At Malu‘Olu Ranch in Waimanalo, HMSA member Eddie Nakata (on right) has found a new way to strengthen his well-being. Since he started horseback riding, he’s lost 20 pounds and seen a big improvement in his health.
His trainer, Angela Woods (on left), has been connecting people and horses for more than 15 years. Like any seasoned trainer, she knows the powerful combination of horse, rider, and the outdoors can produce great physical, mental, and emotional benefits.
“I’ve had people come in who are very fearful at first,” Woods said. “But building strength helps fear. When you ride, you’re learning how to control and communicate with this big animal. That helps people mentally get over their fears – in and out of the saddle.”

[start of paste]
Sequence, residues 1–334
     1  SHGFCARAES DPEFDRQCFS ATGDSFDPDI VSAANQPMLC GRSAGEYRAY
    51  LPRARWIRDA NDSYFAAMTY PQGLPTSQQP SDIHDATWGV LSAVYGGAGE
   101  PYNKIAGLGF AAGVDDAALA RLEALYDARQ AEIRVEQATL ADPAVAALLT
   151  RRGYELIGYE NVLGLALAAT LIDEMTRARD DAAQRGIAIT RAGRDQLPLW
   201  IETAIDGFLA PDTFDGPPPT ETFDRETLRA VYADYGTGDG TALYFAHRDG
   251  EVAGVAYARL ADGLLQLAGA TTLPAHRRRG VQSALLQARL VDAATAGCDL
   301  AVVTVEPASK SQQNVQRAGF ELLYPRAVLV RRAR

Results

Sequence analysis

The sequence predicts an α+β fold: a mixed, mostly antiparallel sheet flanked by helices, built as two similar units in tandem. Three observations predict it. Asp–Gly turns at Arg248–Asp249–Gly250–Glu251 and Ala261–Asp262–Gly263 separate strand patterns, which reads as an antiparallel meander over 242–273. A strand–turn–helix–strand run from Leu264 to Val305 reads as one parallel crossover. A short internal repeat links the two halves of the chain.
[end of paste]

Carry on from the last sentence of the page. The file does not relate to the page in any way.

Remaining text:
Recently, horses have been used in animal-assisted therapy, specifically equine-assisted psychotherapy (EAP). For people who find traditional therapy too awkward or painful, EAP can be a good alternative. EAP has helped people with:
“You can’t be mad or angry around horses. They can sense that,” Woods said. “So you always have to come to them calmly. It forces you to put aside or deal with whatever you’re feeling or thinking."
Read more about Eddie Nakata’s horse connection in the summer 2016 issue of Island Scene.